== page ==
The magnetic members 90 a and 90 b arranged at the inner surface of the module case 122 may be arranged at the outer side surface of the module case 122.

The antenna apparatus 120B is arranged at a position closer to 12 o'clock in the watch case 60 as the device case. Specifically, the antenna apparatus 120B is arranged in such a way that the axial direction of the core 72 of the antenna 70 is in parallel to the 3–9 o'clock direction, the magnetic member 90 a faces the inner surface of the watch case 60, and the magnetic member 90 b faces the inner surface of the back cover 62.

(D-3)

FIG. 29 is a vertical cross-sectional view of the antenna apparatus 120C. As shown in the diagram, the antenna apparatus 120C has the module case 122 in which the antenna case 76 retaining the antenna 70 inside, the magnetic members 90 a and 90 b and the non-magnetic conductive members 100 a and 100 b are disposed.

Referring to the diagram, the non-magnetic conductive member 100 a is arranged in such a way as to be in tight contact with the right inner surface of the module case 122 with the lengthwise direction being in parallel to the axial direction of the core 72 and face only the coil 74 but not to face both end portions of the core 72. The magnetic member 90 a is arranged in such a way as to be in tight contact with and overlying the top surface of the non-magnetic conductive member 100 a.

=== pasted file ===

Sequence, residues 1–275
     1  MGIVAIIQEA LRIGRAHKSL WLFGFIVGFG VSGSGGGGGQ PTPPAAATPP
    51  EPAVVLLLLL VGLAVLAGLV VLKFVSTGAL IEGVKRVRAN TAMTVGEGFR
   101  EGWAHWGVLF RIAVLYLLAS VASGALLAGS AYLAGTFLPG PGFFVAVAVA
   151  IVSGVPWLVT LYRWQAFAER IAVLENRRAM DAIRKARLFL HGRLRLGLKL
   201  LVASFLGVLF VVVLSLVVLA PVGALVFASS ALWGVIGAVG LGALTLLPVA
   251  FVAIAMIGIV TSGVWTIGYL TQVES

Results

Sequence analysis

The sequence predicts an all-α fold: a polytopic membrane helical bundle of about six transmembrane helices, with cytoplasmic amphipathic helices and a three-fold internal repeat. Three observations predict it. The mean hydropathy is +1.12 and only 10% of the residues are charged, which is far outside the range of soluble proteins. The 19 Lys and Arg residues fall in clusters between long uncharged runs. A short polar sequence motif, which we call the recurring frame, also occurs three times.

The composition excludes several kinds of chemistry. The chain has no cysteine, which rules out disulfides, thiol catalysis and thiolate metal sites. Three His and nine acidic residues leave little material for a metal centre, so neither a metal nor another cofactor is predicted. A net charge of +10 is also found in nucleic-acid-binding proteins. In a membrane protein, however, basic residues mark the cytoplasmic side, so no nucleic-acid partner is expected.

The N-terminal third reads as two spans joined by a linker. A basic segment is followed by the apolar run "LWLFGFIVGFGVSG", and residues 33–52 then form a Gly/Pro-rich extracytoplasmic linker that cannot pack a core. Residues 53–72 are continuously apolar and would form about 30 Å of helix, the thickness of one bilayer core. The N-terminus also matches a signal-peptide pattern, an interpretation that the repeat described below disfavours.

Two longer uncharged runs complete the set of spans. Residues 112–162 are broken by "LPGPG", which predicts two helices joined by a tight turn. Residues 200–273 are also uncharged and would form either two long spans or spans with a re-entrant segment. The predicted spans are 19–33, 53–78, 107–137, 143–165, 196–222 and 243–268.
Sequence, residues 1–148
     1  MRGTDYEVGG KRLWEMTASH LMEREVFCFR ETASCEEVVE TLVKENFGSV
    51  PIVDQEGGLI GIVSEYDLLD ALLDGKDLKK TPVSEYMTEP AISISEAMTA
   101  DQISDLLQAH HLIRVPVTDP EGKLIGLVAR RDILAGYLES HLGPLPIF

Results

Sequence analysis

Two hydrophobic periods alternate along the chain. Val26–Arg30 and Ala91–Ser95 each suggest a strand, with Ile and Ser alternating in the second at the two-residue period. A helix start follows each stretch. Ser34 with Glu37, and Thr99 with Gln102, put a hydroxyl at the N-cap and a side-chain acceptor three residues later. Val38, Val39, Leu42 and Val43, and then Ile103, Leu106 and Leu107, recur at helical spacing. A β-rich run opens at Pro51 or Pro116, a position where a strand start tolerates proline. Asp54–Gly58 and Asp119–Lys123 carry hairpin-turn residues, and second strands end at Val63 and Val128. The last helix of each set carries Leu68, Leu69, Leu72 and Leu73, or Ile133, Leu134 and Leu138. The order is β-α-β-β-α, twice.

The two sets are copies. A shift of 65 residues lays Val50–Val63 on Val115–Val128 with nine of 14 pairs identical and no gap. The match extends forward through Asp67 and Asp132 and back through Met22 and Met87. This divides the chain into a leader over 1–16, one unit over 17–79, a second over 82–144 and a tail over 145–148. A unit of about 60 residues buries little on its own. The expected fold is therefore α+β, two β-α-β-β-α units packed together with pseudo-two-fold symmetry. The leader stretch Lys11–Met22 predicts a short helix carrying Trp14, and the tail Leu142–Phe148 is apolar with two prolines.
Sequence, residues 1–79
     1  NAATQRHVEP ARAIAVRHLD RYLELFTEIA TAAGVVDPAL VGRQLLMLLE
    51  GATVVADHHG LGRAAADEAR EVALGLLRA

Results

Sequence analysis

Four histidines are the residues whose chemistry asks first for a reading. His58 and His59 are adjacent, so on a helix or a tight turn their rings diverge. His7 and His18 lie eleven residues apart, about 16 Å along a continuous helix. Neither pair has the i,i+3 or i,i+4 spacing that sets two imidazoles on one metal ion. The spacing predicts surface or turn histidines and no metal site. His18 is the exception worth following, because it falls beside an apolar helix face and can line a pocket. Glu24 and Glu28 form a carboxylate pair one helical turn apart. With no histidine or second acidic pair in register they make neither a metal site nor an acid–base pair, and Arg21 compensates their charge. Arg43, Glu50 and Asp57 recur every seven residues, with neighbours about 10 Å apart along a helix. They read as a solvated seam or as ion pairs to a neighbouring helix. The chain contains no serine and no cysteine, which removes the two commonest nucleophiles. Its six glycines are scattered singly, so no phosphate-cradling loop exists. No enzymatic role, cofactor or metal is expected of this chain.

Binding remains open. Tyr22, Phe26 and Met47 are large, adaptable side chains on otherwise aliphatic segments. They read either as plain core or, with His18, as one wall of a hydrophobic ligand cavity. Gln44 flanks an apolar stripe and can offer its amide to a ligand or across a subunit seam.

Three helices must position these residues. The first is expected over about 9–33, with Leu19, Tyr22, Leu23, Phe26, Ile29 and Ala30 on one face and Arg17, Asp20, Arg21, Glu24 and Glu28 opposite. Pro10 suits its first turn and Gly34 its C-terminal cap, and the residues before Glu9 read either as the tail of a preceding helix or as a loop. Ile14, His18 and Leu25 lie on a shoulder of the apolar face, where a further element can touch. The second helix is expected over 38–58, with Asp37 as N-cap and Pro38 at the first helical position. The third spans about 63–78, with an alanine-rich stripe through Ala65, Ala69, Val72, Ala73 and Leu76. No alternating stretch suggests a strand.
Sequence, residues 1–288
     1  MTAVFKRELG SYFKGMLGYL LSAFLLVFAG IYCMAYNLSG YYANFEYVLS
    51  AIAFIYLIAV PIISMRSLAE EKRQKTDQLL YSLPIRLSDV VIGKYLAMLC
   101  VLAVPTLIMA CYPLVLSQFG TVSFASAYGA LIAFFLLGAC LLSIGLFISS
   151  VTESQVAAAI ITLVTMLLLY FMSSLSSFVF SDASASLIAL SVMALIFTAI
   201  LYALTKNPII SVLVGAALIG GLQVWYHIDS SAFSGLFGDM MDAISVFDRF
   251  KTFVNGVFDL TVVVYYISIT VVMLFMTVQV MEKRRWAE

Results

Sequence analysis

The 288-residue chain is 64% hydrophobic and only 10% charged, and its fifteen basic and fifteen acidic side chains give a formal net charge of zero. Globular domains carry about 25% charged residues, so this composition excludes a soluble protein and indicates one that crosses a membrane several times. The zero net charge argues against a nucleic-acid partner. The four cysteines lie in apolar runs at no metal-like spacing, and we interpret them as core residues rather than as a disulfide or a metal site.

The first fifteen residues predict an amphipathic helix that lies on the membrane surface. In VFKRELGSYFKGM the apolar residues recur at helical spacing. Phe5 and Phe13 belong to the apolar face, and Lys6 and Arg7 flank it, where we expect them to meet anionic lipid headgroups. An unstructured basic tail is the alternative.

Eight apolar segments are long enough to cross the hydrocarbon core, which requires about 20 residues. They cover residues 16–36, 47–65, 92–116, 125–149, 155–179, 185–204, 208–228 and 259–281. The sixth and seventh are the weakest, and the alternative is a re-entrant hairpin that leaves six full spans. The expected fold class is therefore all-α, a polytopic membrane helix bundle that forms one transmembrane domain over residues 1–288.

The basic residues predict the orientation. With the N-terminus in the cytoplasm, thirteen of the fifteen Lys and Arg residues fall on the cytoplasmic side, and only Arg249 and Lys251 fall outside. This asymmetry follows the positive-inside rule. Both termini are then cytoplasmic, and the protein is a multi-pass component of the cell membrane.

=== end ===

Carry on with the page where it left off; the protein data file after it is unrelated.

Referring to the diagram, the non-magnetic conductive member 100 b is arranged in such a way as to be in tight contact with the lower inner surface of the module case 122 with the lengthwise direction being in parallel to the axial direction of the core 72 and face only the coil 74 but not to face both end portions of the core 72. The magnetic member 90 b is arranged in such a way as to be in tight contact with and overlying the top surface of the non-magnetic conductive member 100 b.

The non-magnetic conductive members 100 a and 100 b arranged at the inner surface of the module case 122 may be arranged at the outer side surface of the module case 122.

The antenna apparatus 120C is arranged at a position closer to 12 o'clock in the watch case 60 as the device case. Specifically, the antenna apparatus 120C is arranged in such a way that the axial direction of the core 72 of the antenna 70 is in parallel to the 3–9 o'clock direction, the non-magnetic conductive member 100 a faces the inner surface of the watch case 60, and the non-magnetic conductive member 100 b faces the inner surface of the back cover 62.

[Seventh Embodiment]

<Structure of Wristwatch>

FIG. 30 is an exploded perspective view of a wristwatch 131 according to the seventh embodiment. FIG. 31 is a cross-sectional view of the wristwatch 131 along the 3–9 o'clock line, and FIG. 32 is a cross-sectional view of the wristwatch 131 along the 12–6 o'clock line. For easier understanding of the essential structure of the embodiment, a watch module 180 and a frame member 190 are excluded from the illustration.